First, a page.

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ALPSIDE DOWNED: Protesters rally in Swiss capital vs Philippine terror law

BERN, Switzerland  (MindaNews / 13 September) — Protesters composed of Swiss, Filipinos and second-generation Filipinos staged a rally Saturday at the Swiss capital  here against the Anti-Terror Law signed in July by Philippine president Rodrigo Duterte.

The rally organizers, Anakbayan Europa and Migrante, said this was the first of more protests in Switzerland  and Europe against the law which they termed as “draconian.”

“In the face of problems facing OFWs  (overseas Filipino workers) in this pandemic, many are concerned about the slow lack of support for Filipinos overseas and those who have been repatriated. This way of raising grievances and protesting can be seen as an act of terrorism under the ATL,” said Anakbayan Switzerland in a flyer handed out at the rally site at the Bundesplatz or Parliament Square .

Filipinos and second-generation Filipinos and Swiss activists stage a rally Saturday, 12 September 2020, in Bern, Switzerland against the Anti-Terror Law signed in July by Philippine President Rodrigo Duterte. Photo by BRADY EVIOTA

Anakbayan cited the case of Linn Ordidor, an OFW in Taiwan who was threatened with deportation to the Philippines for criticizing the government with online posts.

“For rightful criticism of the Duterte administration’s response (to the pandemic), the Philippine government even requested Taiwan to deport Ordidor. ..Linn was a victim of repression,” said the flyer.

“There is no need for a new anti-terror law because current laws such as the Human Security Act and the existing penal code already prosecute and punish anyone who commits so-called acts of terrorism,” said Anakbayan.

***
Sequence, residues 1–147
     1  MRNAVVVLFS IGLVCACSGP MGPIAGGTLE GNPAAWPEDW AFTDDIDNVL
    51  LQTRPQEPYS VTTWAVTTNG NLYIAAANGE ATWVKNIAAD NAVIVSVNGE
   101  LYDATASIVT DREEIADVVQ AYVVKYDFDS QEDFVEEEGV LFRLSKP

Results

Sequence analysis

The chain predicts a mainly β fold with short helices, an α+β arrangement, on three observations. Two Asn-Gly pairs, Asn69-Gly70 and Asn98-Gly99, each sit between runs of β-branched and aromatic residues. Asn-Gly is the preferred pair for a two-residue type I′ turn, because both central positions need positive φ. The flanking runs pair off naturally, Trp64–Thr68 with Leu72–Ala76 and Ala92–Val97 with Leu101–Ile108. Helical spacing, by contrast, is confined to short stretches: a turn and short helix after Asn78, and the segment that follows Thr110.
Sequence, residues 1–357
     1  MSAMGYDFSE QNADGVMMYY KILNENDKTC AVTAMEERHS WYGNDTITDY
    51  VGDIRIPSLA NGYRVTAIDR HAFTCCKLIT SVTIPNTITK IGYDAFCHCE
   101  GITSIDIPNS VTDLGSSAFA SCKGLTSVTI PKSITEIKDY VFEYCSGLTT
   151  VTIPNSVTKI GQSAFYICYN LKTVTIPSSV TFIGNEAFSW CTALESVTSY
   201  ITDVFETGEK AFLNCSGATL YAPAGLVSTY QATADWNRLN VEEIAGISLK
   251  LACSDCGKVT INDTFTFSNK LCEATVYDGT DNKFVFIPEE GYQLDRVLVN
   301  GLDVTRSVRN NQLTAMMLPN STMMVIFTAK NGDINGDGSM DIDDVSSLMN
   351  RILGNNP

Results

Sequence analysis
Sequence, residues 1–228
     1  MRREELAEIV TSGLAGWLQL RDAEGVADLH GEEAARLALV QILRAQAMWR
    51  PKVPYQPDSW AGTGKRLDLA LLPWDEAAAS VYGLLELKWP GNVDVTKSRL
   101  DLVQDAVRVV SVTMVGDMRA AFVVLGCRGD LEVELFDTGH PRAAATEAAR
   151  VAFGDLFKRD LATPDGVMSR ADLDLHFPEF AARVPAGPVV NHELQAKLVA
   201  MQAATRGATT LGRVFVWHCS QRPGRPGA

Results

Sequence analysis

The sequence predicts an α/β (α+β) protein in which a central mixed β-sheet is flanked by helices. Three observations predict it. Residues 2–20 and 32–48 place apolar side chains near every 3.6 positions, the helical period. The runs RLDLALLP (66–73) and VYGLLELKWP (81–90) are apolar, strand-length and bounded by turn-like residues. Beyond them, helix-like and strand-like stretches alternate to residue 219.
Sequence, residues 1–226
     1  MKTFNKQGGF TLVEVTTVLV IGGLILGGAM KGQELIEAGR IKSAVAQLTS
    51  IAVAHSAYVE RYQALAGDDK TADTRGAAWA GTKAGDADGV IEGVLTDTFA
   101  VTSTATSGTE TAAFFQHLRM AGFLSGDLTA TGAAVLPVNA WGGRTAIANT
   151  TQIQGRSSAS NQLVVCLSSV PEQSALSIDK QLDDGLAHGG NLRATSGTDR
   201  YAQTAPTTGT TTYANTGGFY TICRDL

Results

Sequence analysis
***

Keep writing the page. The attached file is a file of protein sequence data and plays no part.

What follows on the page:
Jake Clemencio of Migrante Bern cited data on violations of civil and political rights under the Duterte government from the period July 2016 up to April 2020. “It is getting bloodier everyday with a brutal toll on human rights violations even in the middle of a deadly pandemic”, he said.

“The pandemic is being used to rationalize old and new forms of violations,” added Clemencio. He said that the terror law, meanwhile, “is a strategy to punish or eliminate all forms of dissent, opposition and protest.”


Fiipinos and second generation Filipinos and members of Swiss support groups stage a protest in front of Swiss Parliament building in Bern, Switzerland on 12 September 2020 against the Philppines’ Anti-Terror Law. Photo by BRADY EVIOTA

Monica Baumann, leader of a Swiss women’s support group in Bern, said their solidarity work with NGO partner groups in Mindanao has been affected, and said she fears the implementation of the anti-terror law will worsen it. She said their group has been red-tagged or linked with communist groups.

During the rally, protesters offered flowers for recent victims of violence in the Philippines and protested the killings of prominent anti-government activists like Jory Porquia, Randy Malayao, Randall Echanis and Zara Alvarez.

A plan to march to the Philippine Embassy in Bern was scrapped at the request of Botschaftsschutz (embassy protection police) who were at the rally site.

A few pro-government or pro-Duterte supporters also showed up at the rally, but were prevented from disrupting the event. Mass events of up to 300 people — which can include political protests – have been allowed in Switzerland since June as long as protesters complied with social distancing and face mask requirements.  (Brady Eviota wrote and edited for the now defunct Media Mindanao News Service in Davao City and also for SunStar Cagayan de Oro. He is from Surigao City and now lives in Bern, the Swiss capital located near the Bernese Alps)

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